Skip to main content

That's Snake Oil for You

The Chicago Tribune has a great story on how DAN! and other organizations use valid science to justify their "treatments" for autism. The sad fact that parents trust these quacks worries me. It's also why I am not going to continue down the autism research path after I complete the dissertation.

http://www.chicagotribune.com/health/chi-autism-science-nov23,0,2618338

Comments

  1. As I often do for stories of this type, I’m keeping a running list or index of pro- and con- blog posts. This post is on the list.

    The list is here

    http://lizditz.typepad.com/i_speak_of_dreams/2009/11/the-unethical-treatments-that-autism-is-vaccine-injury-and-other-false-premises-gives-rise-to.html

    For readers new to the world of biomedical treatment, it is worth noting that a number of bloggers who are affected by autism are pro-science and pro-vaccine. They repudiate the world of "Age of Autism", Generation Rescue, and "Defeat Autism Now!"(DAN!). I will mention a few (in no particular order) the group blog LeftBrain/RightBrain, Natural Variation, Countering Age of Autism, Autism News Beat and Club 166. There are many more.

    ReplyDelete
  2. I am very interested in your thoughts. Many parents don't know what to do with their child, especially if their child is middle or lower functioning.

    They will do anything to help their child. It's hard to know how to navigate all these therapies.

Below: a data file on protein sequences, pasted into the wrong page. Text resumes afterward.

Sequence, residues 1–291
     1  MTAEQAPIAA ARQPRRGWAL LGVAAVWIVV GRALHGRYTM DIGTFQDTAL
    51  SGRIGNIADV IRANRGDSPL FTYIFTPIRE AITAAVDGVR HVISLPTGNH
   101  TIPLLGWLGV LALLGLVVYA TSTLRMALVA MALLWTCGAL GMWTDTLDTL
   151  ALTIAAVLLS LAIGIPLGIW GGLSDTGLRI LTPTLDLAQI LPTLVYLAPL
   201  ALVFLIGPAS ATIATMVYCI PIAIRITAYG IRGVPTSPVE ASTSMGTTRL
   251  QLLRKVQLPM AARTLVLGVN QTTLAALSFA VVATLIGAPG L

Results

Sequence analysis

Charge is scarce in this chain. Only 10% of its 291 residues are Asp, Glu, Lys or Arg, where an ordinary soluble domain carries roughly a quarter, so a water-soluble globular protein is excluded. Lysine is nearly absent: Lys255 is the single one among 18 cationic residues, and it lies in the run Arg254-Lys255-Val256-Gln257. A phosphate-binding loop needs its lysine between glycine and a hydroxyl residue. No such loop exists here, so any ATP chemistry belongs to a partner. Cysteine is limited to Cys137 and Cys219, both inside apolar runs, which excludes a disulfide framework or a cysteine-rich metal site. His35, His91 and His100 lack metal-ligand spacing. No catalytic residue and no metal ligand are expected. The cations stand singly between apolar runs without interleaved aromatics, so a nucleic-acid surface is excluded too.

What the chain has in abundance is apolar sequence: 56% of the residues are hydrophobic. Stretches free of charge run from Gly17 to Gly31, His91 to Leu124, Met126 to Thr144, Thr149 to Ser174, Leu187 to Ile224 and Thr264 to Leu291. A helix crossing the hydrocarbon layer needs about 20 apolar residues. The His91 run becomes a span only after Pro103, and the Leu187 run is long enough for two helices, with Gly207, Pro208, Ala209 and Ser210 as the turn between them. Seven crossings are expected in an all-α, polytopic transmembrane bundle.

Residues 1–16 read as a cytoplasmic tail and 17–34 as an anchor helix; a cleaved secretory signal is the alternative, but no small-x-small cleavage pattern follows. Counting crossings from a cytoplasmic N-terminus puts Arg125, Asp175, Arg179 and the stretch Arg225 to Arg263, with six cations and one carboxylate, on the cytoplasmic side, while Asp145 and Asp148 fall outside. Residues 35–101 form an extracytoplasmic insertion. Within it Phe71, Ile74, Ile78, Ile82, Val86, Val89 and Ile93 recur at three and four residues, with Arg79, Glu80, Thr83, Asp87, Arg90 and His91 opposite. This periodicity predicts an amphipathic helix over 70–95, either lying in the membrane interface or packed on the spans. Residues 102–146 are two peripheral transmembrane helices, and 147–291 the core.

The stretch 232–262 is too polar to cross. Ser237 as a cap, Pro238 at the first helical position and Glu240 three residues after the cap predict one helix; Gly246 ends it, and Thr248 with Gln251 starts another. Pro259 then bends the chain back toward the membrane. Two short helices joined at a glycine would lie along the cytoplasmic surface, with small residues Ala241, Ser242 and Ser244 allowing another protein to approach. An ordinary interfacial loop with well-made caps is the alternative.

ReplyDelete
  3. I have spent the last few years immersed in current research and have found nothing in any major peer-reviewed journal in support of *medical* interventions unless there is an underlying medical condition comorbid to the autism disorder.

    However, there are articles indicating various educational and behavioral therapies do have results, and those results increase dramatically based on how early the therapy starts. And, while earlier is always ideal, there are studies showing that even starting later can have positive outcomes.

    Medical treatments, as the Trib article accurately notes, simply have not been validated in nearly 40 years of various studies. Anecdotal evidence or research by a proponent is not considered rigorous -- especially when some proponents have questionable credentials (like the mail-order Ph.D mentioned by the Tribune).

    I understand parents wanting to seek a solution, and I know they will no matter what I or anyone else writes. I encourage parents to research behavioral and educational therapies and to compare the credentials of those providing such therapies. It does matter, when we look at measurable outcomes. You can improve the life of both the child and the family with some therapies, but those supported by the most research are not medical treatments.

    I had speech therapy, reading therapy, and independent time with learning specialists in the K-12 system. I have had adverse reactions to various medications and take nothing other than a daily vitamin; I'm over 40 and slightly iron deficient according to my last physical.

    ReplyDelete

Post a Comment